There's no bigger stage to unveil a new offering than a Super Bowl commercial, and Apple took advantage of its prime inclusion during the telecast by unveiling a new vanity URL service, reports TechCrunch. If you blinked, you might have missed it, but during the final seconds of the Star Trek Into Darkness trailer, the URL AppStore.com/StarTrekApp flashed across the bottom of the screen.
This reveal signified the launch of a new service for all app developers in either the iTunes App Store or the Mac App Store. All developers will now receive personalized vanity URLs related to the app submitted as chosen by Apple. Apple updated its developer documentation on January 31 to reflect the change, which will allow brands to give consumers these new URLs to directly access apps.
With Apple nearing one million apps, the question of name overlap comes into play. In this case, users will be directed to a search page displaying all of the apps that match the generic term.
The domain name AppStore.com was a gift from Salesfoce CEO Marc Benioff to late Apple visionary Steve Jobs. It could prove increasingly valuable if brands decide to take advantage of these new URLs in upcoming marketing campaigns.
With the biggest game of the football season – not to mention the most-watched television broadcast in the U.S. – just three days away, it should come as no surprise that scammers are seeking every opportunity to take advantage of Pats and Giants fans, as well as the more casual Super Bowl viewer, on the Internet. In addition to websites promising last-minute ticket sales and hawking counterfeit merchandise, government officials are swooping down on sites such as FirstRowSports.tv and FirstRowSports.com that advertise unauthorized streaming coverage of the big game itself. Such operations have become a predictable aspect of most major sporting events, including the 2011 Baseball World Series.
This morning, U.S. Immigration and Customs Enforcement (ICE) Director John Morton, U.S. Customs and Border Protection (CBP) Director of Field Operations in Chicago David Murphy, and NFL Vice President for Legal Affairs Anastasia Danias appeared in Indianapolis (the city hosting Sunday's game) to report that "Operation Fake Sweep" had led to the seizure of 307 infringing websites and one arrest. Fake Sweep comes as part of the broader "Operation In Our Sites" program, which, since its inception in June 2010, has reportedly led to the seizure of 669 domain names.
The ICE has promised that the domain crackdown will continue throughout the weekend. In the meantime, fans searching for Super Bowl XLVI memorabilia should be sure to only purchase merchandise from authorized vendors with familiar domains. And remember, for those without a TV like myself, the NFL and NBC will be streaming the game live – and legally – on NBCSports.com.
In more Super Bowl ad-related news, a friend of mine who works with the Emerging Media Research Council sent the company’s “Digital Analysis of Super Bowl XLV” over to me yesterday. The EMRC’s digital review of this year’s Super Bowl commercials highlighted notable firsts and onlys: Audi was the first company to advertise a Twitter hashtag (#ProgressIs), and CarMax was the only brand that communicated its Web, Facebook and Twitter monikers. Check out the Audi and CarMax ads below. EMRC also mentioned that a total of eight ads pointed to companies’ Facebook pages.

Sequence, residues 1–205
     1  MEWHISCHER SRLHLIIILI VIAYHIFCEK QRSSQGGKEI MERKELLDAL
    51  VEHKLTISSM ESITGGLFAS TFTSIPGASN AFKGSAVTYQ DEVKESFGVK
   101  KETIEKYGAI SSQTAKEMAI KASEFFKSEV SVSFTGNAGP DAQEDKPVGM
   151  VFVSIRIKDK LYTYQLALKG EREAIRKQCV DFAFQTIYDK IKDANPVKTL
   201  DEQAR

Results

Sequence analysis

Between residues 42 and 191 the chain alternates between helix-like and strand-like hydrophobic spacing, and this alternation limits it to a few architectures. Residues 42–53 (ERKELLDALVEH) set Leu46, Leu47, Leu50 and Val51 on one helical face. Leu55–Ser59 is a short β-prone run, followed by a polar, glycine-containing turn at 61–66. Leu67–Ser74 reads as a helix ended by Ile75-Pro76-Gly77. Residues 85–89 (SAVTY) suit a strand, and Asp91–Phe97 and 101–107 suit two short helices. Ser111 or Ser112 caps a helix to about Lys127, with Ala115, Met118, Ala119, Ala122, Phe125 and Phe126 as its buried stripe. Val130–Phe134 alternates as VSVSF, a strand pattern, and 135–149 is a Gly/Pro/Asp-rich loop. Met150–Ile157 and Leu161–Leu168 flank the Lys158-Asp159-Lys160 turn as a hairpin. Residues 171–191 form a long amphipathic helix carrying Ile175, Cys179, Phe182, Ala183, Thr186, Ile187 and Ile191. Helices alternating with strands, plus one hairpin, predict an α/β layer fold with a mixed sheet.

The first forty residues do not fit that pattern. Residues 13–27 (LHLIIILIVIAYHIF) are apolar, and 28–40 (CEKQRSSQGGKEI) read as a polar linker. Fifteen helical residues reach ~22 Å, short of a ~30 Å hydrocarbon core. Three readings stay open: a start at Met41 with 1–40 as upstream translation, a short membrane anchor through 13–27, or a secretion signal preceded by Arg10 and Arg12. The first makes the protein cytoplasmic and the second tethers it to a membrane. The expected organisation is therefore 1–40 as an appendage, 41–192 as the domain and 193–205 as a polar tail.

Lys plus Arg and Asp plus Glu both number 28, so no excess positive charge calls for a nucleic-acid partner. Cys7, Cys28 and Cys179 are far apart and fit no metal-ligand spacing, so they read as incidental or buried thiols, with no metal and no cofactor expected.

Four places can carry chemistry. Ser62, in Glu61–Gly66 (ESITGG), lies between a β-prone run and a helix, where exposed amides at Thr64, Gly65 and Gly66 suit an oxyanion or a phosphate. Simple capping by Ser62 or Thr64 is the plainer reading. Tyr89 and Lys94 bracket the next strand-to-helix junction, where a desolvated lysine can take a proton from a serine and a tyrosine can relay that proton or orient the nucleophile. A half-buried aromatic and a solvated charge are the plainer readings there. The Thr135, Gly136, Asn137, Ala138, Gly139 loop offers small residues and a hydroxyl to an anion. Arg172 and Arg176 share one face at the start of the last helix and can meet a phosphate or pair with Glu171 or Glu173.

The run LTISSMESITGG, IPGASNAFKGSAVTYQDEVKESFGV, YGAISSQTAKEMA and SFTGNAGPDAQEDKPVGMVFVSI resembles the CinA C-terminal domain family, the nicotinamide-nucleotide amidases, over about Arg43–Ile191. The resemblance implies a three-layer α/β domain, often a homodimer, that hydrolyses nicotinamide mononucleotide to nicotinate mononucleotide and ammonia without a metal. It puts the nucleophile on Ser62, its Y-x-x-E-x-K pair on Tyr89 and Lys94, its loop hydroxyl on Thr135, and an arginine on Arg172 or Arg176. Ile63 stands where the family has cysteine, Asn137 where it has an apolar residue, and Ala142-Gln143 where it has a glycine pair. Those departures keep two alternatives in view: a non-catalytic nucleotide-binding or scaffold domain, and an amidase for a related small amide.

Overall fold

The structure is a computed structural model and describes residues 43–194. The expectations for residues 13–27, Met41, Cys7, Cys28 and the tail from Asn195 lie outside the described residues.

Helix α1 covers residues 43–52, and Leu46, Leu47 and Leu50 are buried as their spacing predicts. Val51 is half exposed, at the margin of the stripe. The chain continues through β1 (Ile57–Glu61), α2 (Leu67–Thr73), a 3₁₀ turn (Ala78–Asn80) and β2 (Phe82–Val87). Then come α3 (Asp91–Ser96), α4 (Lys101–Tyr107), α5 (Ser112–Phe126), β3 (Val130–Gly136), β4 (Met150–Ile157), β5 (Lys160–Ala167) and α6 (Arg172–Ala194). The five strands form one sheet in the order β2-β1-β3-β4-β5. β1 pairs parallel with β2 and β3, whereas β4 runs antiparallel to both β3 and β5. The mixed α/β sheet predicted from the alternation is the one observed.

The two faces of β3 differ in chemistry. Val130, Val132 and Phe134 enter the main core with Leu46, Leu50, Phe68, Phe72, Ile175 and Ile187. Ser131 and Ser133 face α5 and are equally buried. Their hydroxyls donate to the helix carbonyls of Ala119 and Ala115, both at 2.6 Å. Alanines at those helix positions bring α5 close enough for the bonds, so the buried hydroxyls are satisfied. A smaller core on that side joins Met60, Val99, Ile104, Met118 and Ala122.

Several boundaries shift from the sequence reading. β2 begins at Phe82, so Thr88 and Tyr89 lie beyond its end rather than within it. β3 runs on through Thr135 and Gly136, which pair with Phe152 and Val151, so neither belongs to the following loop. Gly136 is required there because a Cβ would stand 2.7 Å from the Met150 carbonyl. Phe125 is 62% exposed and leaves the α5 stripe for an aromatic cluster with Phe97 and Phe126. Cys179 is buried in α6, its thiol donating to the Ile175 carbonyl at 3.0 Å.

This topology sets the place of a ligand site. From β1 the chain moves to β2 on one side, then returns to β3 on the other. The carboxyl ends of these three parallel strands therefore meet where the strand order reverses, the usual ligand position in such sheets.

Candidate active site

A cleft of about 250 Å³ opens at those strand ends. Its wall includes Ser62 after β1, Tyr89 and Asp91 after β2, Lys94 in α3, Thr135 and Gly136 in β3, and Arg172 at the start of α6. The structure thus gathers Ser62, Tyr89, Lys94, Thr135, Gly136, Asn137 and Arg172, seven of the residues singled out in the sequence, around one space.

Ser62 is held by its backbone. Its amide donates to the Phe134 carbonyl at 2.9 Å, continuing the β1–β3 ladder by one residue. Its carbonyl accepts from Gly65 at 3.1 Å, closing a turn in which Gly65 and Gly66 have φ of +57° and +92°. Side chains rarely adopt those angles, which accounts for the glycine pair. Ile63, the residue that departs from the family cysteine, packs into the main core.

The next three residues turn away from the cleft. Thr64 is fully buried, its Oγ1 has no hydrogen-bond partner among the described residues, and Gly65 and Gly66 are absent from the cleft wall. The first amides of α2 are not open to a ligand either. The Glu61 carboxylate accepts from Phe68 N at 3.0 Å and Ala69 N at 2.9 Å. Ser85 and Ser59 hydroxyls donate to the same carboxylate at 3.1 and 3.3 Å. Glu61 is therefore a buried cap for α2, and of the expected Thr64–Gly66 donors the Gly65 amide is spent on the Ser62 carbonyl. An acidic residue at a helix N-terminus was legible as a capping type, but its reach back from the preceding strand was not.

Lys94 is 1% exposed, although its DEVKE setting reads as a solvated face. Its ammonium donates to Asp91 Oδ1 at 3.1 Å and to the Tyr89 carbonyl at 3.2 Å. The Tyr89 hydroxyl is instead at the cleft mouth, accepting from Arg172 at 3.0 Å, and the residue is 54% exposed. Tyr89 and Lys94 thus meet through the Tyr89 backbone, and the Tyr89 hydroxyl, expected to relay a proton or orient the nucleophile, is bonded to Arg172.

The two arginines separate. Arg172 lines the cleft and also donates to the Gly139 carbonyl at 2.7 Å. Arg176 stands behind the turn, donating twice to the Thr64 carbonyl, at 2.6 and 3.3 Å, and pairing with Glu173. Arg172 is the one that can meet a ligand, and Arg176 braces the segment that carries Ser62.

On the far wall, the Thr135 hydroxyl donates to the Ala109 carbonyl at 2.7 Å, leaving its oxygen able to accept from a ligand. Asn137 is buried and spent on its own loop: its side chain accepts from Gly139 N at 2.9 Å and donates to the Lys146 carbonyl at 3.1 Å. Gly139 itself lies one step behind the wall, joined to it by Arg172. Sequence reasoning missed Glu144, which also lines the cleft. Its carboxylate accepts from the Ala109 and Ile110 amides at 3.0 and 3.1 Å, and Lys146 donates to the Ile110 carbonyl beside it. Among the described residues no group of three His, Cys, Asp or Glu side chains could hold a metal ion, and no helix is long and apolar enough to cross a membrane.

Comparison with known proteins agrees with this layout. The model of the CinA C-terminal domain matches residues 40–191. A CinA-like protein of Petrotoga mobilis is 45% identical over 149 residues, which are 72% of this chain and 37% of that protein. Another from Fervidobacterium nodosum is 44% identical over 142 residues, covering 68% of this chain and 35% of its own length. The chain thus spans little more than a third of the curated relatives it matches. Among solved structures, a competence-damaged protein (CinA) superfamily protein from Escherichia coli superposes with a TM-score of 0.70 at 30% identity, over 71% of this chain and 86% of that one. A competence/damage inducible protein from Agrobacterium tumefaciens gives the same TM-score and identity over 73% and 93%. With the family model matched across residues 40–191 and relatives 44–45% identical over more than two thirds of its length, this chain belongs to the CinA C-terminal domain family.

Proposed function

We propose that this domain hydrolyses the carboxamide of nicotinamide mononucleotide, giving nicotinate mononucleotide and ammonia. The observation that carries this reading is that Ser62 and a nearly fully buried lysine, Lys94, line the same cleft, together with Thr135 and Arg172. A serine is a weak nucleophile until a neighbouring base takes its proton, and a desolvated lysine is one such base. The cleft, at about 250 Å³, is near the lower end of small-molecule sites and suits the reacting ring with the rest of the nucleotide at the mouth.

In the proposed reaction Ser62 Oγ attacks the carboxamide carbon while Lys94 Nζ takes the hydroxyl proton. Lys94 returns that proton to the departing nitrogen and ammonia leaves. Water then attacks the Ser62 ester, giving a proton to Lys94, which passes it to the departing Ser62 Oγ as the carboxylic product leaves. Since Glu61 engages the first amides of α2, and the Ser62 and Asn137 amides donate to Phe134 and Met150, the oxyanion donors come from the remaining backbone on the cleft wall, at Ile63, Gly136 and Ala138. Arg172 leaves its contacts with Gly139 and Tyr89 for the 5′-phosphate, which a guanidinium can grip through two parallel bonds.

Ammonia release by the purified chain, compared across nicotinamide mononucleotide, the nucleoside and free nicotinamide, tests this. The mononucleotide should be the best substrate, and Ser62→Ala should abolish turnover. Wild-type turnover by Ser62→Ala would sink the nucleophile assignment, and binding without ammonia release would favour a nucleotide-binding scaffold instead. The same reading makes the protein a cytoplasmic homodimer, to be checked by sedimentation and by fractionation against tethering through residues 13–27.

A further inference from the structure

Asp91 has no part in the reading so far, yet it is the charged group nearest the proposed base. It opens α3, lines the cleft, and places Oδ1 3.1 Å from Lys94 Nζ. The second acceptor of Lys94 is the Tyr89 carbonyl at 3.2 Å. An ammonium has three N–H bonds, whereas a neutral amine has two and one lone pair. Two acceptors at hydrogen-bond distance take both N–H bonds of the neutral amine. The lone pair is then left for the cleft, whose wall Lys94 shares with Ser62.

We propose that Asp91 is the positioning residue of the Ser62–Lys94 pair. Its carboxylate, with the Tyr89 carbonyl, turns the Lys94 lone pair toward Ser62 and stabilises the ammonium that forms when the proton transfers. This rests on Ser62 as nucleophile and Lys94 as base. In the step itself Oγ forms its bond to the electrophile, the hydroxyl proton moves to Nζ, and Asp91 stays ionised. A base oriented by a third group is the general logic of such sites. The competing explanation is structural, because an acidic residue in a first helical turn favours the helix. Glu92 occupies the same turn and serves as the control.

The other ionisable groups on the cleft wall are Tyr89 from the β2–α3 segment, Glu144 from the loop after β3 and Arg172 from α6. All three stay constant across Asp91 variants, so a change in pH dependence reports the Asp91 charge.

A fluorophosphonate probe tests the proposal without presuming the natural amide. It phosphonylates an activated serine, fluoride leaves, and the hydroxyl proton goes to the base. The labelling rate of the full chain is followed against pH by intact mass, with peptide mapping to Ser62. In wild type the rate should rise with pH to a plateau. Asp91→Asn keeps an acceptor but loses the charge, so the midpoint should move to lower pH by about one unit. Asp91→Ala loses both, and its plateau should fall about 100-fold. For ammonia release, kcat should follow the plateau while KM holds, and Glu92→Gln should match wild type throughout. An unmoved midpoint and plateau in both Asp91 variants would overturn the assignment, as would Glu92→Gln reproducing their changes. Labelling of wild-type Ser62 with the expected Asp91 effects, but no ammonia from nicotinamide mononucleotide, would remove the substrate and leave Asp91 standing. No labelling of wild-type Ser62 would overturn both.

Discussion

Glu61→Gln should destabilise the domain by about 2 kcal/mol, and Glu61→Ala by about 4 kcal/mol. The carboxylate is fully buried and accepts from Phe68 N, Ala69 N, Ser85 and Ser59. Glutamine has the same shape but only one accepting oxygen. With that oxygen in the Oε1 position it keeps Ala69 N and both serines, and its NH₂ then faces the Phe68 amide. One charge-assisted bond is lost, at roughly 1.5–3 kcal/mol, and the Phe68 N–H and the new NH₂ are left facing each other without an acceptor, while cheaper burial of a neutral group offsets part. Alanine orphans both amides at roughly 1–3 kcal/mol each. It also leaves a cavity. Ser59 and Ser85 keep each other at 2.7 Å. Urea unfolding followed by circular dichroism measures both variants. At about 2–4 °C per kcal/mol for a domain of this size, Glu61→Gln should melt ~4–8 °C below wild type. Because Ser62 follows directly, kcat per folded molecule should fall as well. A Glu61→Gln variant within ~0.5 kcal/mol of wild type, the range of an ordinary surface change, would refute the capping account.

Wait, only eight? Does this surprise anyone else? For all the hype that has been building around social media over the last year, wouldn’t you think that every commercial would promote a company’s social media presences on Facebook, or Twitter or YouTube? At a going rate of $3 million for 30 seconds of ad time, this seems like a missed opportunity for companies who have put serious effort into developing their social presence. As journalist Steve Allan said, “It seems the integration of social media campaigns with those of traditional media is still in the early adopter stage.”
Since it first became open to public registrations on the second level last summer, the Colombian ccTLD .CO has garnered a good deal of attention. Some have speculated that it will become a viable alternative to .COM, whereas others have written it off as a gimmick. In a recent New York Times article that explored how different ccTLDs are used by commercial entities, FairWinds’ Managing Partner Josh Bourne offered his opinion on the .CO issue: “As long as it doesn’t become well known that it’s just a bastardization of the country code for Colombia, it could take off,” he stated.
One entity that has been touting the virtues of .CO is domain name registrar Go Daddy, which offers registration services for .CO domains. The company, known for featuring attractive spokeswomen in its commercials, even decided to introduce a new “.CO girl” to promote the extension. In the weeks leading up to the Super Bowl this weekend, the company produced a series of ads to generate buzz about who this new mystery woman would be. And in the ad that ran during the Super Bowl, Go Daddy finally revealed her identity:
The new .CO girl is…Joan Rivers? Or at least, Rivers’ head digitally transposed on another woman’s body? I’ll be honest, I don’t think I want to go to GoDaddy.co to find out more. The commercial was weird enough for me on its own.
This kind of stunt, in my opinion, definitely points more toward gimmick than legitimate. This sentiment is echoed in a recent Fortune article, which points out that, as we’ve seen at FairWinds, the majority of registrations in .CO thus far have been defensive.